Depression After a Startup Launch

You remember the moment. When you finally had the balls to launch your startup. When all the work you put into something for months or maybe even years comes. It’s like a ton of pressure has built up and you’re now faced with the moment when your life is supposed to change…

And crickets.

To some those crickets last a few days, and for others those crickets last weeks or months. Some people are lucky enough to not hear crickets, but for most bootstrappers without a huge email list (which let’s admit, is most of us) a public launch of a new product or service can be seriously depressing. Like drinking-whiskey-while-smoking-a-cigarette-as-you-pace-back-and-forth-outside depressing.

THE THING WE DON’T TALK ABOUT IS THAT THIS DEPRESSION IS NORMAL.

Holy crap did I wish I would have heard this when I started my online businesses. Even Launchpeer, which has been by far my biggest success, started with crickets.

Why? Because who in their right mind wanted to pay a newb 26 year old kid and his friends to build a app? Sure, I knew what I was doing, but no one else knew that for sure, especially people who never met me before.

And what about the people I already knew in my network, who knew me, my skills and what I was capable of?

Well, I couldn’t tell those people the truth; the truth that I was struggling to make a sale, to run a business I’d never run before, to feed my family, to pay my bills. As entrepreneurs, but especially as husbands and fathers, we’re not supposed to talk about the hard times, the depression, the feelings of complete failure.

“As entrepreneurs, but especially as husbands and fathers, we’re not supposed to talk about the hard times, the depression, the feelings of complete failure.

Instead we’re supposed to go to startup events, entrepreneur mixers, after parties and talk about how great things are. How things are “looking up” and how my family is loving the new found “freedom” I have, when “looking up” really means “facing rock bottom” and “freedom” really means “working 80 hours/week trying to keep it all together.”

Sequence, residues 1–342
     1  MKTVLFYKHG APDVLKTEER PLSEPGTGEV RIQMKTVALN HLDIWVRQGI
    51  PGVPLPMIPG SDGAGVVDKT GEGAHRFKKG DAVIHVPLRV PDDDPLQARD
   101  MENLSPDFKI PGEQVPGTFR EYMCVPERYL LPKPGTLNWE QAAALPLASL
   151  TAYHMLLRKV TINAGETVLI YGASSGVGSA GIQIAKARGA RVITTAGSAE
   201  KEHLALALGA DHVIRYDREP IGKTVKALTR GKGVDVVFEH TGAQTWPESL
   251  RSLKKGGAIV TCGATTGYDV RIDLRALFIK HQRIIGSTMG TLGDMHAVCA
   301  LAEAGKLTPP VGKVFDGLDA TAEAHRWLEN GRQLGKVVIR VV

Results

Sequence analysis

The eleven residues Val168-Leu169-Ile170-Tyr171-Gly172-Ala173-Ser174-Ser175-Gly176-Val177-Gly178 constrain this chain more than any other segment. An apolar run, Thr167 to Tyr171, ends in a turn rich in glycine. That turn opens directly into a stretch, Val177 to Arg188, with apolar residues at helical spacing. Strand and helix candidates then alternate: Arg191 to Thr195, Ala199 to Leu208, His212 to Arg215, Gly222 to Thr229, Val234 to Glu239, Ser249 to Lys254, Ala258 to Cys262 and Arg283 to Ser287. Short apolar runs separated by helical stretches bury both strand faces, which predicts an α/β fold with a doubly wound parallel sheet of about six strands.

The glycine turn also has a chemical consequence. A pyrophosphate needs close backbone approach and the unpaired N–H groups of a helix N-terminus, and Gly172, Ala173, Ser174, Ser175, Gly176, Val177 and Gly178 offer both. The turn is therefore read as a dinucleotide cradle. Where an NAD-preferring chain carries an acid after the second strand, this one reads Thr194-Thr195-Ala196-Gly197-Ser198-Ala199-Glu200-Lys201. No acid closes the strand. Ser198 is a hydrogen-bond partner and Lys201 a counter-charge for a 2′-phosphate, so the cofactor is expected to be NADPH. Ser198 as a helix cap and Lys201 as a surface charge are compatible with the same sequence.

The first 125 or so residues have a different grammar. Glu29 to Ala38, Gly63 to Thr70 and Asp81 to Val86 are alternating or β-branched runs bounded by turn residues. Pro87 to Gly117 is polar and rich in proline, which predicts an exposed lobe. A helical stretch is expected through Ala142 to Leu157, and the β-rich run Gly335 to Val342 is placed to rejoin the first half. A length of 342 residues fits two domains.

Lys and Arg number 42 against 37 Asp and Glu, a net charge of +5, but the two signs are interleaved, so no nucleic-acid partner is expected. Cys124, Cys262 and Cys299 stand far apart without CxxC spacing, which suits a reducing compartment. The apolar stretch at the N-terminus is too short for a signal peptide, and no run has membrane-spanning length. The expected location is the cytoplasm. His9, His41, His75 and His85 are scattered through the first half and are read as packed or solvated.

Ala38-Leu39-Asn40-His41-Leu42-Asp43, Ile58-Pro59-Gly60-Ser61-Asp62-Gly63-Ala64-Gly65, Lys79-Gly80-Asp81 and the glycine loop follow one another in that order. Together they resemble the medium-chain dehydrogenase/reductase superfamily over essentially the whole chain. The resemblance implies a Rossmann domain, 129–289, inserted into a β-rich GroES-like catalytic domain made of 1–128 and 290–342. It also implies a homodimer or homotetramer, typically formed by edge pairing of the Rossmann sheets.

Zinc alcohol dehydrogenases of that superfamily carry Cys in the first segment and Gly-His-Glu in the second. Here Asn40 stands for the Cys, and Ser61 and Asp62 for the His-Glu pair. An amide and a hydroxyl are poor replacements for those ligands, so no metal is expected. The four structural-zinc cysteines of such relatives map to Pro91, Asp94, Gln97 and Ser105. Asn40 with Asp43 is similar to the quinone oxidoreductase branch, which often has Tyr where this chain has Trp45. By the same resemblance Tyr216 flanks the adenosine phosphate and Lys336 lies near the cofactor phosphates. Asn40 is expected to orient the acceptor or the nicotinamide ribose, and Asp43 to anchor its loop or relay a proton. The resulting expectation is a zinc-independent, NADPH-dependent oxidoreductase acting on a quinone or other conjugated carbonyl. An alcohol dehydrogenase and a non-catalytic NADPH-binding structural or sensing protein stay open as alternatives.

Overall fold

That feeling of hopelessness that happens to a majority of entrepreneurs is eventually overcome. For me it was when I finally figured out, after a year of killing myself, how to grow my business through small, surgical, frequent changes to my sales and marketing processes. For others it happens sooner or later, at some moment, hopefully not before they quit the entrepreneur life and go back to the 9–5 life.

So how can we help each other?

When the feelings of being a failure started sinking in for me after a few weeks in business and lasted for my first year in business, what I wish I had was some frickin’ honesty.

Everywhere I went there were other entrepreneurs who only talked about how awesome things were going, how great their lives were, how much money they were making. But I could tell that behind the scenes they were struggling too. Sometimes I found this out when they ‘pivoted’ their business a couple weeks later, they changed jobs, or them and their business just disappeared.

WHY DO WE FEEL THE NEED TO LIE TO EACH OTHER?

Can’t we just admit to each other that entrepreneurship sucks sometimes, especially at first. Not ‘it sucks’ in the most simple sense of the word, but ‘sucks’ in the deepest sense of the word. A “can’t pay your bills, support your family, thinking of going back to work, ready to leave the country to avoid the shame” kind of suck.

I’m resolving that this year I’ll be talking about the struggles, the hardship and the depression as much as I’ll talk about the great times.


Jake Hare is the Founder of Launchpeer & Excursionly. He writes about startups & growth hacking at JakeHare.com. He’s consulted Fortune 500 companies, is a former homeless teen, and proud Army veteran.